The Children’s Public Library Users Survey (PLUS) National ReportThe Children's Public Library Users Survey (Children's PLUS) is a national model for surveying child and teenage visitors to public libraries.  The questionnaire focuses on various aspects of the library service, for example book and computer usage and general attitudes to these resources and to the library overall.  The survey also asks children and young people for their age and gender and who they came with, as these can provide useful information about the profile of visitors using the library. Children's PLUS proposes a uniform methodology where questions are asked in the same order to achieve consistency for valid national, regional and local comparisons.  The importance of the survey is that it has been designed to be used as a service improvement tool, rather than as merely a measurement or a 'number crunching' tool.

A total of sixty three authorities contributed data to this report, resulting in a database containing 22,801 questionnaires from 1,203 libraries.

In a departure from the previous report for Children’s PLUS, which compared results for individual participating library authorities, this report on the 2010/11 survey focuses on the combined national data set. It analyses the data at the headline level, over time, demographically and by the Index of Multiple Deprivation.

This approach has been adopted as it provides a better understanding of the uses to which libraries are being put, the factors that influence such usage and users’ satisfaction with the resources available.

The Children’s Plus National Report is freely available to PLUS subscribers or it can be purchased for £495 (+VAT) from the CIPFA shop (http://secure.cipfa.org.uk/cgi-bin/CIPFA.storefront/EN/product/PUBLIB01H). If you have any questions or queries regarding access then please email SocialResearch@cipfa.org.uk.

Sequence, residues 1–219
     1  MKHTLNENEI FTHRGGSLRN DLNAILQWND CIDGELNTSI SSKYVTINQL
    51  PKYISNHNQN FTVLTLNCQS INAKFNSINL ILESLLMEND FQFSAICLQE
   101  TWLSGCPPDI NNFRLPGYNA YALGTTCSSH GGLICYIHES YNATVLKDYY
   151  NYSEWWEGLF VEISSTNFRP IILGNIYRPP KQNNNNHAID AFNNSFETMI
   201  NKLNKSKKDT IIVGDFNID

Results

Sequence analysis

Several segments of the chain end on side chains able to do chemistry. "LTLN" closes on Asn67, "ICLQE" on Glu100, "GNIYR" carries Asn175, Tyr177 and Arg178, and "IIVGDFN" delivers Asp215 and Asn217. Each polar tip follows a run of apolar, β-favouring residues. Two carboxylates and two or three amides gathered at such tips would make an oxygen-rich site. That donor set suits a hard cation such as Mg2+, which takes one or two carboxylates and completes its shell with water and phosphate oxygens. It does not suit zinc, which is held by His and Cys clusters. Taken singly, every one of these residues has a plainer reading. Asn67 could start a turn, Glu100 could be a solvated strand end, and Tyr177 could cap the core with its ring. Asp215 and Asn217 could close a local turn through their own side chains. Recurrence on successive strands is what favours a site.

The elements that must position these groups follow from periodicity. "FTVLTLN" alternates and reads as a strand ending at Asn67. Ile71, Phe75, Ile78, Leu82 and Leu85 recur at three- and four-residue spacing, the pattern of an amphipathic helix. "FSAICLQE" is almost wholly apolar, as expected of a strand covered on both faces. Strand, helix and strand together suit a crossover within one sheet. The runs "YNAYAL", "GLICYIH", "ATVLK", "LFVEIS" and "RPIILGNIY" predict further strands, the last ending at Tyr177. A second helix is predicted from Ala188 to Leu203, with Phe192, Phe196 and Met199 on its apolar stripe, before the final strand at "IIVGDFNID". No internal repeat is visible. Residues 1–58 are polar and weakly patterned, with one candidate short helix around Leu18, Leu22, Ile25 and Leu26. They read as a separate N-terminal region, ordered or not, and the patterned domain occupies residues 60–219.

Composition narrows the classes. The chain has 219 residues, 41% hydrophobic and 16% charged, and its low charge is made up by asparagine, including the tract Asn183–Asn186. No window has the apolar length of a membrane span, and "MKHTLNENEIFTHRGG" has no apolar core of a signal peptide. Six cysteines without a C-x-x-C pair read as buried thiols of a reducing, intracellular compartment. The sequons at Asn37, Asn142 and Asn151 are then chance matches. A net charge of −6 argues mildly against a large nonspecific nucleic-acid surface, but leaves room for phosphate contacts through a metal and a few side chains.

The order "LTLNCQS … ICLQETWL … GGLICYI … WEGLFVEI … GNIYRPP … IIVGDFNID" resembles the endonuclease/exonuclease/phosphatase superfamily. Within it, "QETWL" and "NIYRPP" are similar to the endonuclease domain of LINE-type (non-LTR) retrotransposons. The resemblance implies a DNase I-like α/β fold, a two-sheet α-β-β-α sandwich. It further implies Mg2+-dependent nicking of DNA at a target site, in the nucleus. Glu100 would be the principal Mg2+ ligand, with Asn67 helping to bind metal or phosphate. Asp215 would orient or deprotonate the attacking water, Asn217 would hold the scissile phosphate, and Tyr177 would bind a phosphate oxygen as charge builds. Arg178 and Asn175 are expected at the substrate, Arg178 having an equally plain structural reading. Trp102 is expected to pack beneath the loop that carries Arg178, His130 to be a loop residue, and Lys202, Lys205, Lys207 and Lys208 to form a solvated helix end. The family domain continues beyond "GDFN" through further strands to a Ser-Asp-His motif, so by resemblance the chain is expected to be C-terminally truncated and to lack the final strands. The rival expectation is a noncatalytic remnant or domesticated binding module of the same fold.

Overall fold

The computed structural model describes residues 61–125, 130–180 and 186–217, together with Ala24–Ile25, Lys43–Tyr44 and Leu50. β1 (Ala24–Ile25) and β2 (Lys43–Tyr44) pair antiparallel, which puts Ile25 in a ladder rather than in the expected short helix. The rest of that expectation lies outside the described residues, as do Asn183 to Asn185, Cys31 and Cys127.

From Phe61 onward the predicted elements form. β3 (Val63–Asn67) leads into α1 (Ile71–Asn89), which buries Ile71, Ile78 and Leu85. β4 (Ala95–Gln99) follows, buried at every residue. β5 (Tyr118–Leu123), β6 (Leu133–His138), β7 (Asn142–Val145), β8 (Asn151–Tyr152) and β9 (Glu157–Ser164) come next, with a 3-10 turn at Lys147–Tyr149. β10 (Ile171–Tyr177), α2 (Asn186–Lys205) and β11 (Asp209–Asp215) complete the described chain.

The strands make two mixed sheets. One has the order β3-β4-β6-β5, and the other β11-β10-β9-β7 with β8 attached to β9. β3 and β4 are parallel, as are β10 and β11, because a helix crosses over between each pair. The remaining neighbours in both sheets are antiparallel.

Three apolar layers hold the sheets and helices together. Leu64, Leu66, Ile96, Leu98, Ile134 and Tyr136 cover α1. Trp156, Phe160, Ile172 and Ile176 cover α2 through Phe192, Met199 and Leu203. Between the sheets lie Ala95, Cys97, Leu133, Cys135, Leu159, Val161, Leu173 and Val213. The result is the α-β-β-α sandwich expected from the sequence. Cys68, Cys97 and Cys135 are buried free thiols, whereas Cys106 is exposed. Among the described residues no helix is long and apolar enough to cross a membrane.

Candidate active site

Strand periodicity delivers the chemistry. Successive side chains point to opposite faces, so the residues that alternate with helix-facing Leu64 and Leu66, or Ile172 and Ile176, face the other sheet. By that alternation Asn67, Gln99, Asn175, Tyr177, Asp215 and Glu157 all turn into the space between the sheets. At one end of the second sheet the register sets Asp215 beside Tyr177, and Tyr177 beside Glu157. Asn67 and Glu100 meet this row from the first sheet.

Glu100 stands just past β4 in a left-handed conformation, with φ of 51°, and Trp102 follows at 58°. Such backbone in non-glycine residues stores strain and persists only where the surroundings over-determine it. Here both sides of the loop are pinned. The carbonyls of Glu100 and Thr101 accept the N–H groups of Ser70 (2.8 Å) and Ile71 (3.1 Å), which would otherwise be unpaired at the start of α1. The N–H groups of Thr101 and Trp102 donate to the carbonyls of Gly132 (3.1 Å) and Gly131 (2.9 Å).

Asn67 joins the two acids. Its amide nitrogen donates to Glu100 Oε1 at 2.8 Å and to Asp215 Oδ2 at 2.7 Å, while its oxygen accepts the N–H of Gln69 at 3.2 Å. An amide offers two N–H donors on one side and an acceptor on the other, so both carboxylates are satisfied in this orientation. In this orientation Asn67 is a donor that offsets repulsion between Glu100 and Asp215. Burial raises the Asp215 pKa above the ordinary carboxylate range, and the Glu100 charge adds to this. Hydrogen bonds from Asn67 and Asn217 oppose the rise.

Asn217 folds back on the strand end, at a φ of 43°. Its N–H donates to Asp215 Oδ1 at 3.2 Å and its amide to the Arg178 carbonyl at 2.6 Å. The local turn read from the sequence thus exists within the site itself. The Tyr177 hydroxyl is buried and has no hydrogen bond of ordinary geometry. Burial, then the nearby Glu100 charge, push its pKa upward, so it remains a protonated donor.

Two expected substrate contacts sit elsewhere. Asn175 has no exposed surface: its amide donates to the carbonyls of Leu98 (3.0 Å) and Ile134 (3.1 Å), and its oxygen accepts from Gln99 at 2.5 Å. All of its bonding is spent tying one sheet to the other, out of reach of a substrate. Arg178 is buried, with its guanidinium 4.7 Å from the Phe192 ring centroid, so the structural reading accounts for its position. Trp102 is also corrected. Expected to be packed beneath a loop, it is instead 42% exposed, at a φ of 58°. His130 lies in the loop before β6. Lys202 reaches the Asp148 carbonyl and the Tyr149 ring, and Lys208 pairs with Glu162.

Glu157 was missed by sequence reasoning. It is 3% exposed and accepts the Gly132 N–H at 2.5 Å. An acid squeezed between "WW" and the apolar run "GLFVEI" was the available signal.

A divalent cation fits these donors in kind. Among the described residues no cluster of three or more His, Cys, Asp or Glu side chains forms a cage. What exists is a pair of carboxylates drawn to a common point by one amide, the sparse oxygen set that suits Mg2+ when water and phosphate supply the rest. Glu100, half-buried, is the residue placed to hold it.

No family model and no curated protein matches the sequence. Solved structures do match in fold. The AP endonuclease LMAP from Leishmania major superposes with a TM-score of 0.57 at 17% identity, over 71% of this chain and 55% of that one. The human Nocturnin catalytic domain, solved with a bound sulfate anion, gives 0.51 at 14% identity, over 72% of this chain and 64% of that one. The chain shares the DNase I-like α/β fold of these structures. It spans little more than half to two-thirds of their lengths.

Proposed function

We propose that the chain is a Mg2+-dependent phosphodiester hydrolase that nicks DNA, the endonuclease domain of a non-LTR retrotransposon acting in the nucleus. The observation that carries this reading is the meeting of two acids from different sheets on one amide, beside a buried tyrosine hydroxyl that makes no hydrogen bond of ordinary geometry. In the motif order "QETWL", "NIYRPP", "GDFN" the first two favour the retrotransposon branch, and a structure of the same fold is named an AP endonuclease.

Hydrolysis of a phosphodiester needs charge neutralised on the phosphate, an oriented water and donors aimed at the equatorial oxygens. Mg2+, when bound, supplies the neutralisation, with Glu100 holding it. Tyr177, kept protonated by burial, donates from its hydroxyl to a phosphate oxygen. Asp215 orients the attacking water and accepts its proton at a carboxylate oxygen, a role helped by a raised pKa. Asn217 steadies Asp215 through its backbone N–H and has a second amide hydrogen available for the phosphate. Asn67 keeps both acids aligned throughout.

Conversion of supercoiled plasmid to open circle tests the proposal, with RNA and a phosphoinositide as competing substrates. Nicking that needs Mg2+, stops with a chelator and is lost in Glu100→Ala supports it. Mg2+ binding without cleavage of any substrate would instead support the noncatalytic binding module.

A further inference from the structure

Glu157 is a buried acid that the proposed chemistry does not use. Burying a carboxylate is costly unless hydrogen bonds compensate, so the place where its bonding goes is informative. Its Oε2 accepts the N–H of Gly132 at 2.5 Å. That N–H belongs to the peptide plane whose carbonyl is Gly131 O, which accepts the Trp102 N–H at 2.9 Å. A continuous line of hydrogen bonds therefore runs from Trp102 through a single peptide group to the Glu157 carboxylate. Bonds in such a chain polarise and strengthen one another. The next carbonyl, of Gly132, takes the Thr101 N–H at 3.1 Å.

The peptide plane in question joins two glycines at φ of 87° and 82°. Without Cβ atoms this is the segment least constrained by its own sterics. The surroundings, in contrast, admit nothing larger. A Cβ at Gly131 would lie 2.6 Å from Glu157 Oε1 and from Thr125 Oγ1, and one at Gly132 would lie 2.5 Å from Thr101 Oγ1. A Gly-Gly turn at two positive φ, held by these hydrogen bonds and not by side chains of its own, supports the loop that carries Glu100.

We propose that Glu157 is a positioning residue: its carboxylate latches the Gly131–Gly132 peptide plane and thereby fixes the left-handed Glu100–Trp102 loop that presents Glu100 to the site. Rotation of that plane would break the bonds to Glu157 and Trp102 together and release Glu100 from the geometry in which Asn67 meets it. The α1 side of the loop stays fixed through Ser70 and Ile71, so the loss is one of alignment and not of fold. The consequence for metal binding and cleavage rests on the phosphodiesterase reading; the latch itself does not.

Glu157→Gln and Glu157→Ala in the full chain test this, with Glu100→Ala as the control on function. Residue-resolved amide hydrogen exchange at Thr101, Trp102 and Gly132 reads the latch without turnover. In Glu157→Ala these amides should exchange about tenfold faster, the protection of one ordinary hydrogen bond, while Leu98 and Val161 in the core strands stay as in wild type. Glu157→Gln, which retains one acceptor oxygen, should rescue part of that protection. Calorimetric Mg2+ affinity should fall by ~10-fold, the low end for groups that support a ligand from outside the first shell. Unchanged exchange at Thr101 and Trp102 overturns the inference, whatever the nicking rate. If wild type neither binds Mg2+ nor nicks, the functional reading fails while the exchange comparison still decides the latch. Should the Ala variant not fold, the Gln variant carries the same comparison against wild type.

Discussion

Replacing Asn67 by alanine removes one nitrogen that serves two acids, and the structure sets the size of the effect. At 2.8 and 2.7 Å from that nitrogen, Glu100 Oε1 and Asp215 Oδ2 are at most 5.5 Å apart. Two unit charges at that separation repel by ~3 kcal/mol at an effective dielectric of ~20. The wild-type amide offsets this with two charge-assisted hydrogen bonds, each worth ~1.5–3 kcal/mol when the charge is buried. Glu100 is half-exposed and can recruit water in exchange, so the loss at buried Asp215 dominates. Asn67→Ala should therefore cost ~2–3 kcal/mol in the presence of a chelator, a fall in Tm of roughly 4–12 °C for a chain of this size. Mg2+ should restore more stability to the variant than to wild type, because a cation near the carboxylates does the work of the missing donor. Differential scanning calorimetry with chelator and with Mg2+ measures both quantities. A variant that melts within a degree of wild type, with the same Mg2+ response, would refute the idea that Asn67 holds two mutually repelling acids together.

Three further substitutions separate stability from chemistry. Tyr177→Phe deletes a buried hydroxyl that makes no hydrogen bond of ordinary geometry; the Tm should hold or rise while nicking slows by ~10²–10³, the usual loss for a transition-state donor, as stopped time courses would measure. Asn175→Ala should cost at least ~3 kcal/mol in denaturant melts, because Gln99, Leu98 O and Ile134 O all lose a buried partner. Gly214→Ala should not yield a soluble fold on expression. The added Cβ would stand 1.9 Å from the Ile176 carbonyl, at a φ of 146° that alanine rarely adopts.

About CIPFA

CIPFA, the Chartered Institute of Public Finance and Accountancy, is the professional body for people in public finance. Our 14,000 members work throughout the public services, in national audit agencies, in major accountancy firms, and in other bodies where public money needs to be effectively and efficiently managed. As the world’s only professional accountancy body to specialise in public services, CIPFA’s portfolio of qualifications are the foundation for a career in public finance. They include the benchmark professional qualification for public sector accountants as well as a postgraduate diploma for people already working in leadership positions. They are taught by our in-house CIPFA Education and Training Centre as well as other places of learning around the world. We also champion high performance in public services, translating our experience and insight into clear advice and practical services. They include information and guidance, courses and conferences, property and asset management solutions, consultancy and interim people for a range of public sector clients. Globally, CIPFA shows the way in public finance by standing up for sound public financial management and good governance. We work with donors, partner governments, accountancy bodies and the public sector around the world to advance public finance and support better public services. This includes the development of local professional qualifications in African countries like Lesotho and Nigeria and in Europe in post conflict states in the Balkans.